The cartoonist Matthew Inman (a.k.a. “The Oatmeal”) has weighed in with a characteristically hilarious, somewhat obscene take on Internet paywalls.
I think that, underneath the humor, there’s a very serious lesson to be gleaned for media companies and entrepreneurs from what Inman has to say. To the extent that paywalls have been a hot topic lately, the conversation often focuses around very short-term, very self-evident economic issues: Do users have a reasonable obligation to pay? Will they? What price will the market bear? And so forth.
But there’s a whole category of usability issues associated with paywalls that often goes unexplored. This stuff may not be as obvious to CEOs on the surface, but it carries very real economic consequences of its own. That is to say, if companies increase the overall hassle that users have to go through just to get to what they want to see, how many will simply give up and not come back regardless of their ability to pay?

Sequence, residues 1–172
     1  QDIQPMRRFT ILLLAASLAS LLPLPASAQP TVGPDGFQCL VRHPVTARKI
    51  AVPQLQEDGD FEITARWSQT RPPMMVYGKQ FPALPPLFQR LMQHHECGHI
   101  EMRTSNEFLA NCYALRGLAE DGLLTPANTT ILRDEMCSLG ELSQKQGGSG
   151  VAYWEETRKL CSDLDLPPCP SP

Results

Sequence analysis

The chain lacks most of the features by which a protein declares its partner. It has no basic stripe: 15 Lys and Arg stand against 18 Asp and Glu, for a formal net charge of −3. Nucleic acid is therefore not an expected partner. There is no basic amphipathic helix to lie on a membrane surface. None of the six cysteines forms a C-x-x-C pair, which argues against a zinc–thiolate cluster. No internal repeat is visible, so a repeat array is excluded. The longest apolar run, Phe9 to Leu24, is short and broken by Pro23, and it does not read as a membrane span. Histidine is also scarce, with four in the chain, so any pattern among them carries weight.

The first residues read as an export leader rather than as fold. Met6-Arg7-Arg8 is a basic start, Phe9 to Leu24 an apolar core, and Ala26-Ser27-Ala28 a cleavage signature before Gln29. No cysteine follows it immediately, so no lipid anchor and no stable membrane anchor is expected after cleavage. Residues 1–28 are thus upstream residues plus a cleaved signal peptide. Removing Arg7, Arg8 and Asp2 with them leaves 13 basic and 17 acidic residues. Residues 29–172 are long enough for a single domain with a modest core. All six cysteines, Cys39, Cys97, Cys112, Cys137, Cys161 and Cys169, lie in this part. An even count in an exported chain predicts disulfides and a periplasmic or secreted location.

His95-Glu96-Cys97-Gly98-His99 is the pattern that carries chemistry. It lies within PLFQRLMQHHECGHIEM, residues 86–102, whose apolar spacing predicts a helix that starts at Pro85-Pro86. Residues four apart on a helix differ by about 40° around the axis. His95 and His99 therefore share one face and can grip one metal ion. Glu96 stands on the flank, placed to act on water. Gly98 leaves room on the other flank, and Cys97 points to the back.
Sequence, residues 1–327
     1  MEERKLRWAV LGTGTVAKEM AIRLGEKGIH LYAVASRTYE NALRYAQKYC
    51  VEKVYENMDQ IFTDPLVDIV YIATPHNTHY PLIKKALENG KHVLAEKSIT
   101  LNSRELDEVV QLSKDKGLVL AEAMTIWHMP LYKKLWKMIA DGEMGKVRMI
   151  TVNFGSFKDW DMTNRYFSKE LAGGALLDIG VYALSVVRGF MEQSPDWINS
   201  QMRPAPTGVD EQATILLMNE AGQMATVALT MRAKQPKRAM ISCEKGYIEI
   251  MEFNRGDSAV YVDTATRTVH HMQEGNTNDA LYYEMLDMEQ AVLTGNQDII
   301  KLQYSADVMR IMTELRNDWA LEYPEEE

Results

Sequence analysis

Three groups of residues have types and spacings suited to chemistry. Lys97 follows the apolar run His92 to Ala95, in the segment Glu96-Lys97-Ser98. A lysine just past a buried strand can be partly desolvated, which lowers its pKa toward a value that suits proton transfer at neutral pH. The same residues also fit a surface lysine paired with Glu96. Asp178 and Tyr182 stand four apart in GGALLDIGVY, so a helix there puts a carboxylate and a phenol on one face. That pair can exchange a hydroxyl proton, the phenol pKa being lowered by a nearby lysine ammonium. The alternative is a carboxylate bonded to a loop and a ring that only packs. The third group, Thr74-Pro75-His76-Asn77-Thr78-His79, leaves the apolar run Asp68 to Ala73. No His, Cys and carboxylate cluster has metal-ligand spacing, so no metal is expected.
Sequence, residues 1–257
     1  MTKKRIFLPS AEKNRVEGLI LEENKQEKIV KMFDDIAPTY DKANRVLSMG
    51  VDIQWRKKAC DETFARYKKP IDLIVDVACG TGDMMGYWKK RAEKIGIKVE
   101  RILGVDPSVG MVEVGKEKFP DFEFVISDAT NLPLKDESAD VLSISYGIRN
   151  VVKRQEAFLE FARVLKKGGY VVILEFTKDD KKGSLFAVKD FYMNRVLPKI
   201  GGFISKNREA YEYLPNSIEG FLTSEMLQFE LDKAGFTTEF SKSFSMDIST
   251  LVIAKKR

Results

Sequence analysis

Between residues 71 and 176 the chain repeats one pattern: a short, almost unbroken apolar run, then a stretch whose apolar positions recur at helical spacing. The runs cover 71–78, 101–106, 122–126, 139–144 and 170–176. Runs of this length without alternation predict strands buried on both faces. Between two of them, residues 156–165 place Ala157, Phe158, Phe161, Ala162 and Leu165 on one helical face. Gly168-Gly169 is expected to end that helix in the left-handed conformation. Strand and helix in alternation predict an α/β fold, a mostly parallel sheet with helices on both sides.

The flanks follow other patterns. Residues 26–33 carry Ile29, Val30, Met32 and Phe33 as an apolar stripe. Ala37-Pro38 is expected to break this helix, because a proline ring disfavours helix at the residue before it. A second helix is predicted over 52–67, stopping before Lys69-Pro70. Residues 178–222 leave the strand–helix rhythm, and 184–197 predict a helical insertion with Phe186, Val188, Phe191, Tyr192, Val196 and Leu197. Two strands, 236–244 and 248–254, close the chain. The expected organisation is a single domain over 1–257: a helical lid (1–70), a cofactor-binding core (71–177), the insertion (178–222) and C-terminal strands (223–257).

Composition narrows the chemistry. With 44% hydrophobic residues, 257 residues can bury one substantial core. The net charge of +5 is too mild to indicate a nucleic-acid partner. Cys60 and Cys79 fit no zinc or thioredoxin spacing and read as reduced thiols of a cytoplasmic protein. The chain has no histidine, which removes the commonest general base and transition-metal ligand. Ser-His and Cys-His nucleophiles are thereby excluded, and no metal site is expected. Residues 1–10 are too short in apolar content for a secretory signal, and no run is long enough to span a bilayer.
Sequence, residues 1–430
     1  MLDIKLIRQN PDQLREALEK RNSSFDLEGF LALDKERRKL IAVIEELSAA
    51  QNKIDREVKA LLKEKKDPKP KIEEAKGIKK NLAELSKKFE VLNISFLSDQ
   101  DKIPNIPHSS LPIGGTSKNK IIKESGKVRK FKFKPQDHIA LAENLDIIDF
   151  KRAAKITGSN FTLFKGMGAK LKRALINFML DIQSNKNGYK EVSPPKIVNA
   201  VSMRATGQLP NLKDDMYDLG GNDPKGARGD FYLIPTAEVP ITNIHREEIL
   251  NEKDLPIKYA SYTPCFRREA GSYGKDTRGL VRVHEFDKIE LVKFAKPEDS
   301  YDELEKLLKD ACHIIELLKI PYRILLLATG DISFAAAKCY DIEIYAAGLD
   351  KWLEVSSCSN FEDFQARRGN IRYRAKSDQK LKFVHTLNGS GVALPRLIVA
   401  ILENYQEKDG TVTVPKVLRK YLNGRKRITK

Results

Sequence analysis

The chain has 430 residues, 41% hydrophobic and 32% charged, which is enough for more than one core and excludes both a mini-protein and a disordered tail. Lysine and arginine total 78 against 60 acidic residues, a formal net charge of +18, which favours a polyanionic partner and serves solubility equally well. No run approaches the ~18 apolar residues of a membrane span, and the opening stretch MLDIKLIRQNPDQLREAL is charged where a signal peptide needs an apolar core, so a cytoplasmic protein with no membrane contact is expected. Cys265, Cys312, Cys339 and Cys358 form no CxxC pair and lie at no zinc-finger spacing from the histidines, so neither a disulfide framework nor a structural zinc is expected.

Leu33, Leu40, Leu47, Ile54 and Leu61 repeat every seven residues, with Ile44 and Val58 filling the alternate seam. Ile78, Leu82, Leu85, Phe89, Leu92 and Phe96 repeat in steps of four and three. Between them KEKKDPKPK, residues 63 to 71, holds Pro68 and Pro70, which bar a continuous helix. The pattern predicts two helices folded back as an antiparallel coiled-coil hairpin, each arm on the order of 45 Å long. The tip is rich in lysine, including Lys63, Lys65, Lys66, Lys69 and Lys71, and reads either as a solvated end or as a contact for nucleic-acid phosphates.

With so many choices at users’ disposal these days, simplicity of interaction is at a massive premium. Paywalls inevitably make websites and apps more difficult to use. Over time, what’s that trade-off worth to you if you’re a media company or a startup?
Within the context of arguing against the legislation known as SOPA, Google engineer Johnie Lee touched on this theme at length back in January in a smart post to his Google+ stream. He and Inman are ultimately saying the same thing, though Inman had a lot more fun with the idea.
It’s the complexity, stupid.